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Theodore Roosevelt
26th U.S. President
Theodore Roosevelt was an American statesman, author, explorer, soldier, naturalist, and reformer who served as the 26th President of the United States from 1901 to 1909.
Born: October 27, 1858, Manhattan, NY
Died: January 6, 1919, Cove Neck, NY
Presidential term: September 14, 1901 – March 4, 1909
Children: Alice Roosevelt Longworth, Kermit Roosevelt, More
Political parties: Republican Party, Progressive Party

The rising young Republican politician Theodore Roosevelt unexpectedly became the 26th president of the United States in September 1901, after the assassination of William McKinley. Young and physically robust, he brought a new energy to the White House, and won a second term on his own merits in 1904. Roosevelt confronted the bitter struggle between management and labor head-on and became known as the great “trust buster” for his strenuous efforts to break up industrial combinations under the Sherman Antitrust Act. He was also a dedicated conservationist, setting aside some 200 million acres for national forests, reserves and wildlife refuges during his presidency. In the foreign policy arena, Roosevelt won a Nobel Peace Prize for his negotiations to end the Russo-Japanese War and spearheaded the beginning of construction on the Panama Canal. After leaving the White House and going on safari in Africa, he returned to politics in 1912, mounting a failed run for president at the head of a new Progressive Party.

THEODORE ROOSEVELT’S FOREIGN POLICY
Like McKinley, Roosevelt sought to bring the United States out of its isolationism and fulfill its responsibility as a world power. He believed that America should “speak softly and carry a big stick” in the realm of international affairs and that its president should be willing to use force to back up his diplomatic negotiations. Roosevelt followed this big-stick policy most conspicuously in his dealings in Latin America. In 1903, he helped Panama secede from Colombia in order to facilitate the beginning of construction on the Panama Canal, which he later claimed as his greatest accomplishment as president. The following year, after several European nations had attempted to forcibly collect on debts owed to them by Latin American nations, Roosevelt issued a “corollary” to the Monroe Doctrine stating that the United States would bar foreign intervention in Latin America and act to police the hemisphere, ensuring that countries paid their international debts.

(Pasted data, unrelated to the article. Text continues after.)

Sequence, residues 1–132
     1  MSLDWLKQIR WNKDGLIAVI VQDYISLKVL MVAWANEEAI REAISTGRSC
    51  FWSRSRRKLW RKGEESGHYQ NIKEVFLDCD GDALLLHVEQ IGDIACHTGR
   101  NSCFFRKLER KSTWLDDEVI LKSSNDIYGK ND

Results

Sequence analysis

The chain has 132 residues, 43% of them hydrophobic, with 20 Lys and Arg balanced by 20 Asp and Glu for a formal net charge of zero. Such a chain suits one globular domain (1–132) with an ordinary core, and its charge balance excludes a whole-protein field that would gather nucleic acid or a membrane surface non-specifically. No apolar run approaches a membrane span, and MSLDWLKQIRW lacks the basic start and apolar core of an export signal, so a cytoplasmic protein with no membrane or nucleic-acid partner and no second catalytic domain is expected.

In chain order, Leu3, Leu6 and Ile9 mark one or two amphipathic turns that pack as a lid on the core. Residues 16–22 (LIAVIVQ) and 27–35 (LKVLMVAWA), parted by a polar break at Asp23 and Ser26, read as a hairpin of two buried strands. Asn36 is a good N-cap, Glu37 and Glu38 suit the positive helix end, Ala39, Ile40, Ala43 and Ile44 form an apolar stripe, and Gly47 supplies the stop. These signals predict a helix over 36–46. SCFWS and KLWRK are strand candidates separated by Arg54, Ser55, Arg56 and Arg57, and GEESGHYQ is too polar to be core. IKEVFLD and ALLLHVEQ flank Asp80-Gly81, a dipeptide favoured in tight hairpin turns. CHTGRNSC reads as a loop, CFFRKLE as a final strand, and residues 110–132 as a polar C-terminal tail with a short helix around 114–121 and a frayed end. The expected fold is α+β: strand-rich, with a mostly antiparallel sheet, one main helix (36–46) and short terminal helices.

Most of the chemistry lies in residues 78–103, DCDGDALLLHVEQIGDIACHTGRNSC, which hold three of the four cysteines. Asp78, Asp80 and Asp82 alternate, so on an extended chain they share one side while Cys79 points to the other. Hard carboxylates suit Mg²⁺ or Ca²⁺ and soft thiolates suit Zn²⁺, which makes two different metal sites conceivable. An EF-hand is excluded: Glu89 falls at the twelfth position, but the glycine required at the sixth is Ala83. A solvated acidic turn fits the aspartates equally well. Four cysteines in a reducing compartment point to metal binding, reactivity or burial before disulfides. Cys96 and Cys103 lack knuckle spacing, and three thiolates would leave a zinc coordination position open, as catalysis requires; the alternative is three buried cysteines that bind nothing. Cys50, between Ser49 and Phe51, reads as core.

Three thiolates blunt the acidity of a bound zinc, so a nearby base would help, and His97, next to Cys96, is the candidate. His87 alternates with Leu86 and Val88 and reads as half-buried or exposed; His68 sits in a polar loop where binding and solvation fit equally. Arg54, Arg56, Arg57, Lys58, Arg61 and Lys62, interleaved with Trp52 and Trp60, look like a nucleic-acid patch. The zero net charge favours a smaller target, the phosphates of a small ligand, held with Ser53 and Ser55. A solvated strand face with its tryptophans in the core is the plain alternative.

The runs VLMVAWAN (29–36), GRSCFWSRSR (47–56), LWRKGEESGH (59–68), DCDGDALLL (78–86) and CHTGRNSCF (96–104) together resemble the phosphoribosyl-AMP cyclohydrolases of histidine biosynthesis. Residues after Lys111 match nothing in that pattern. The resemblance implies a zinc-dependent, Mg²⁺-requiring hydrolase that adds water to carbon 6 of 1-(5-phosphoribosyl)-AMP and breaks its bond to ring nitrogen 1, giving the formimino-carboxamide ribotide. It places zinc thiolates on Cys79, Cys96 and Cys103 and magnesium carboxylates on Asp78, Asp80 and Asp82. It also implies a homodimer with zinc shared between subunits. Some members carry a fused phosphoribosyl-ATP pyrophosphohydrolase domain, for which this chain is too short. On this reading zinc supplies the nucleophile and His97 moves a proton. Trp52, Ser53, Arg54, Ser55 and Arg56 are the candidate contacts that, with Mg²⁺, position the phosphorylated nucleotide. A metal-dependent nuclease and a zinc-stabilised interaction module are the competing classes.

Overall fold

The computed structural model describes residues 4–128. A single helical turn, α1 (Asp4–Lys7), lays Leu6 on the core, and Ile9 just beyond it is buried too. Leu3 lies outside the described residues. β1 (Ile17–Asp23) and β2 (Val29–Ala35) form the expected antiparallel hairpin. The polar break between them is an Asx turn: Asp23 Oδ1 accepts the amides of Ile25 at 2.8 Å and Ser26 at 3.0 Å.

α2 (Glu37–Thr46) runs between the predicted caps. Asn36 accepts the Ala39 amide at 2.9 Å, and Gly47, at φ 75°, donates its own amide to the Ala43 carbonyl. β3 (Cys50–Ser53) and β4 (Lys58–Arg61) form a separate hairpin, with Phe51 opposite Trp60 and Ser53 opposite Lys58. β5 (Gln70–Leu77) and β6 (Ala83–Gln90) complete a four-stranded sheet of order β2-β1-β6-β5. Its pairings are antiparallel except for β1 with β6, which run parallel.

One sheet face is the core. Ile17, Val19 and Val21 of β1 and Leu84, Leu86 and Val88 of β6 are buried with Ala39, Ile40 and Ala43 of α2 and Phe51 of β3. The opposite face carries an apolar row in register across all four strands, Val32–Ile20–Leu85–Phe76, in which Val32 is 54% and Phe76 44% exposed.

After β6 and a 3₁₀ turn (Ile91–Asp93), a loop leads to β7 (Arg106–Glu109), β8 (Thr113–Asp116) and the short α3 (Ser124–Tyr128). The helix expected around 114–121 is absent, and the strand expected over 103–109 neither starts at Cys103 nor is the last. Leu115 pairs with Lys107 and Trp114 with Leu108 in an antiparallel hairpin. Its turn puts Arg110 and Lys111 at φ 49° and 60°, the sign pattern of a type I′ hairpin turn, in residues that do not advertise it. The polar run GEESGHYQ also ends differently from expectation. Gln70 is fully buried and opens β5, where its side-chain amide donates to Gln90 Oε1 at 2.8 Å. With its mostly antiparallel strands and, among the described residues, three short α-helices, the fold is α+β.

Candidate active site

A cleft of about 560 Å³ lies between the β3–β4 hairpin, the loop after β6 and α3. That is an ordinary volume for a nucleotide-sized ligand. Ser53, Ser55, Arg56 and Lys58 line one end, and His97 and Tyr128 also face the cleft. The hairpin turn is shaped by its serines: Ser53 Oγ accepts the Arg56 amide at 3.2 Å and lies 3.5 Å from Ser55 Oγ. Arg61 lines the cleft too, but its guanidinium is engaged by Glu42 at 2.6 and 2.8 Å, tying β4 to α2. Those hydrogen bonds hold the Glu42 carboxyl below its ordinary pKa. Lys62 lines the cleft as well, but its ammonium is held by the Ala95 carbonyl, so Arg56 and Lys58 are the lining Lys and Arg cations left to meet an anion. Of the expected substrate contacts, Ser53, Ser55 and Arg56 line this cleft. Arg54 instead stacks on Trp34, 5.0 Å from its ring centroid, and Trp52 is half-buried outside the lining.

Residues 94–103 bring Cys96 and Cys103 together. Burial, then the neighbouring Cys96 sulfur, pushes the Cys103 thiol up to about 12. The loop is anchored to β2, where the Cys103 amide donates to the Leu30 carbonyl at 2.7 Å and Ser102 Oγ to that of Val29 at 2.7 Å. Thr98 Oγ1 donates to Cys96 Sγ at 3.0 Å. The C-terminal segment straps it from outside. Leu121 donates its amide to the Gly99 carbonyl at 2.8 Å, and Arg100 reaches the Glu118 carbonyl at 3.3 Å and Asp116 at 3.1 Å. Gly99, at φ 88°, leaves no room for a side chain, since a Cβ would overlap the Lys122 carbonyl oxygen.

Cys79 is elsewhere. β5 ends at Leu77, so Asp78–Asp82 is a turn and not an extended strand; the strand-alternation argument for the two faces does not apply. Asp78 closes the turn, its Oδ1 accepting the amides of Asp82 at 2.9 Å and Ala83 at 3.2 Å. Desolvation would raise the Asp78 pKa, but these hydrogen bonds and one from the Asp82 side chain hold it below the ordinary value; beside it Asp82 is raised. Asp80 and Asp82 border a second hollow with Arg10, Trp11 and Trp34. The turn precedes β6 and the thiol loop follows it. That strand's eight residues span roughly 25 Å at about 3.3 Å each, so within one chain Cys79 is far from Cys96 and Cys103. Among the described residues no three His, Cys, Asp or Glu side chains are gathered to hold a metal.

To prepare the United States for its expanded role on the world stage, Roosevelt sought to build up the country’s defenses, and by the end of his presidency he had transformed the U.S. Navy into a major international force at sea. Outside the Western Hemisphere, he led negotiations to end the Russo-Japanese War in 1904-05, winning the Nobel Peace Prize for his efforts. He also reached an agreement with Japan that traded diplomatic recognition of that country in return for Japan’s acceptance of the ongoing U.S. presence in the Philippines.

THEODORE ROOSEVELT: AFTER THE WHITE HOUSE
As the 1908 election approached, Roosevelt prepared grudgingly to fulfill the campaign pledge he had made in 1904 not to seek another term, and threw his support behind Secretary of War William Howard Taft. Immediately after leaving office in early 1909, Roosevelt left for a 10-month African safari and a tour of Europe, where he enjoyed international acclaim. Upon his return, Roosevelt found that President Taft had failed to follow through on the promised program of progressive reforms, instead siding with the more conservative wing of the Republican Party. Incensed, Roosevelt campaigned against Taft for the Republican nomination in 1912; when that effort failed, he and his supporters bolted to form the Progressive Party, popularly known as the Bull Moose Party. (Roosevelt had once referred to himself in a letter as being “as strong as a bull moose.”)

While campaigning in Milwaukee, Roosevelt was shot in the chest by a fanatic, but soon recovered. With the Republican Party split, Democrat Woodrow Wilson took the White House, winning 435 electoral votes to Roosevelt’s 88 (Taft received only eight). Despite the loss, Roosevelt’s run marked the most successful third-party effort in American history, and many of Wilson’s progressive reforms over the next eight years would echo Roosevelt’s 1912 platform. Roosevelt was an early advocate of American entry into World War I, which broke out in Europe in 1914, and strongly criticized Wilson’s early policy of neutrality. Once the United States entered the war in 1917, all four of Roosevelt’s sons volunteered to fight; his beloved youngest son, Quentin, was shot down and killed while flying a mission over Germany. Politically and physically active until the end, Roosevelt died in his sleep on January 6, 1919, at his family home in Oyster Bay, New York, at the age of 60.